The volume was based on a sample comprising 12,000 possible typosquatting domains and subdomains that made their way into the Domain Name System (DNS) between 1 July and 3 August 2021. These cyber resources appeared to be imitating Microsoft, DHL, Amazon, Bestbuy, Google, LinkedIn, Dropbox, Chase, Apple, and PayPal.
Could the companies themselves have registered the domains? The study found that less than 1% of the domains could be publicly attributed to the brands. The rest either had redacted WHOIS records (making attribution difficult) or were registered by other entities.
Cybersquatters do not limit their activities to mimicking company names, though. A study on CEO impersonation revealed that close to 3,000 domains and subdomains contain the names of Glassdoor’s top 100 CEOs. Only 2% of the domains, however, could be publicly attributed to the CEOs’ respective companies, while a number of the resources were reported as “malicious.”
Risks That Impersonated Companies Face
The most apparent threat associated with online impersonation is phishing, which could take the form of email, text (smishing), and whaling (CEO fraud); the list goes on. But they all have a common goal—to make victims believe the messages they receive are legitimate.
The PayPal Phishing Report for Q2 2021 provided details on how threat actors use urgency, threats, and financial baits, among other techniques, to spur victims into action. Clicking the links embedded in these messages would typically lead them to poisoned web pages. And the rest, as they say, is history. Sensitive data gets stolen, bank accounts get compromised, and networks get infiltrated, among many other possible horror stories.
A less scary version of online impersonation using the identified Internet properties, such as hosting websites that seemingly sell counterfeit products, was also seen. The actors behind these sites likely hoped that customers would get lured into buying from them instead of the legitimate companies.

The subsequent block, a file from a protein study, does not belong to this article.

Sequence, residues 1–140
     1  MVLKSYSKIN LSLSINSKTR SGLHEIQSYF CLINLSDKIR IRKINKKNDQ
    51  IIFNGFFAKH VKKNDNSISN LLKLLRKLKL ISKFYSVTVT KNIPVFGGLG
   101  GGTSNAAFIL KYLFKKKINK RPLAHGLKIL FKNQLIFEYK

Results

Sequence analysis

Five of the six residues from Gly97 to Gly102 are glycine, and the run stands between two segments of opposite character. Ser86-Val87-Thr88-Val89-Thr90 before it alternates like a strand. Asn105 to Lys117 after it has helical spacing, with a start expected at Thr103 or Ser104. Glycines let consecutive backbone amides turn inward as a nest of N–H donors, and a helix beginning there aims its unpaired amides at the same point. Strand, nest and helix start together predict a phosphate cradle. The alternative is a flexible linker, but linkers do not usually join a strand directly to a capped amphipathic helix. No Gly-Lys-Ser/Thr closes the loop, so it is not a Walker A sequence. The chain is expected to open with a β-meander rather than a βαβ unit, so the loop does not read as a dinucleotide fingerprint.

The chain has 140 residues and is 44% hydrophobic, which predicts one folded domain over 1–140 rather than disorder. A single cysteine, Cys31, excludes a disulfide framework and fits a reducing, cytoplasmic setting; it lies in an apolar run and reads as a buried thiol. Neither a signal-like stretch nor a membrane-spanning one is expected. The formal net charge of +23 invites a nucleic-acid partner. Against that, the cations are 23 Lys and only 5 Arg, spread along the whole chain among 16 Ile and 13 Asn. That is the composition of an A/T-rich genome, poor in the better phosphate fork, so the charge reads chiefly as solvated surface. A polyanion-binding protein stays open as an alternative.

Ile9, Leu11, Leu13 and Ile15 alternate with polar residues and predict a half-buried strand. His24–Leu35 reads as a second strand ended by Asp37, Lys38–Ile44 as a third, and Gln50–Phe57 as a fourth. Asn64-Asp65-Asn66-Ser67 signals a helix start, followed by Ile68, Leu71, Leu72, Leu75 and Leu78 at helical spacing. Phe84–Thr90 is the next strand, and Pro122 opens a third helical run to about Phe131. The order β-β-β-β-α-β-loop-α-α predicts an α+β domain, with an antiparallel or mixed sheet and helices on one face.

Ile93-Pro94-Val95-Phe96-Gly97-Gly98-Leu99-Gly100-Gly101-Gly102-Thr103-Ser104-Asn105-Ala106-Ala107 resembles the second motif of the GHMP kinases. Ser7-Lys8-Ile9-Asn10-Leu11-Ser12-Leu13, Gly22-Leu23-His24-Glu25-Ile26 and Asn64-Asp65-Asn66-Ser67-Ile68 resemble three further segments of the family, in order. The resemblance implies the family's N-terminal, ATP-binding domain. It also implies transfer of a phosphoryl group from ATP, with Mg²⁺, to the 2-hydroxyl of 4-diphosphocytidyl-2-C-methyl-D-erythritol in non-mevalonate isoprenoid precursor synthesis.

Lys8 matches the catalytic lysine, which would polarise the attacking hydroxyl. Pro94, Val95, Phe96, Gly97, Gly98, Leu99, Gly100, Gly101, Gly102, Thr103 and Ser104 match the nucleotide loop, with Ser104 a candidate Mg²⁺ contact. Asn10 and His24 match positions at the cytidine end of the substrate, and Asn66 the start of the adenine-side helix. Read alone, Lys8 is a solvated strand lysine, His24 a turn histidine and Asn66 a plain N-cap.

It’s less scary in a sense because this type of impersonation does not directly impact consumers. But that doesn’t mean that the target organizations do not pay the price. The International Chamber of Commerce (ICC), in fact, projected that by 2022, the cost of counterfeiting and piracy would reach US$4.2–5.4 million primarily due to the displacement of legitimate economic activity.
A Myriad of Ways to Imitate Brands
The domain footprints of companies go beyond what’s found in their DNS zone records. While these internal digital assets may also be vulnerable to attacks, online impersonation tends to lead to the weaponization of external assets.
Consider the company name “Amazon.” Ever wondered how many times possible impersonators have used it in domains and subdomains? We can base the answer on the number of web properties containing the company’s name registered on 1–20 August 2021. That figure includes 1,757 domains and 4,306 subdomains, amounting to around 303 digital assets added to the DNS per day.
The number of possible typosquatting domains may even be far greater, though. Domain Brand Monitor detected 182 ways by which “Amazon” can be misspelled. A few examples are “emazon,” “amezon,” “amqzon,” and “āmazon.”
Take any of these typos and partner them with text strings, such as “password,” “account,” “shop,” “login,” “signin,” and “payment,” and you could have hundreds if not thousands of other possible combinations for every top-level domain (TLD).
Domain Brand Monitor Alerts You When Typosquatting Domains Get Registered
External digital assets are part of a company’s overall attack surface. That is true for typosquatting domains, as evidenced by the percentage of malicious domains that impersonate some of the largest companies in the world. Brand Monitor by WhoisXML API lets companies combat typosquatting and online impersonation through:
- Domain registration monitoring: Domains containing a specified search string are detected as soon as they appear in the DNS.
- Inclusion of typo variants: Possible misspelled variations of search strings are generated for companies to include in their monitoring efforts.
- Alert notifications: Key personnel can get alerted when relevant domain names get registered, modified, or dropped, ensuring immediate investigation into possibly dangerous digital assets.
- 14-day lookback: Relevant domain activity for the past 14 days can be reviewed and analyzed with the software’s help.
- Digital asset contextualization: Detected typosquatting domains can be contextualized further using the search and monitoring tools within the Domain Research Suite (DRS).
When companies are impersonated, their customers, employees, and partners are often the ones who suffer most. Brand Monitor by WhoisXML API supports brand protection initiatives by offering advanced capabilities to monitor company-owned or related domain assets in near-real-time.
For more than 10 years now, WhoisXML API has been gathering, analyzing, and correlating domain, IP, and DNS data to make the Internet more secure and transparent.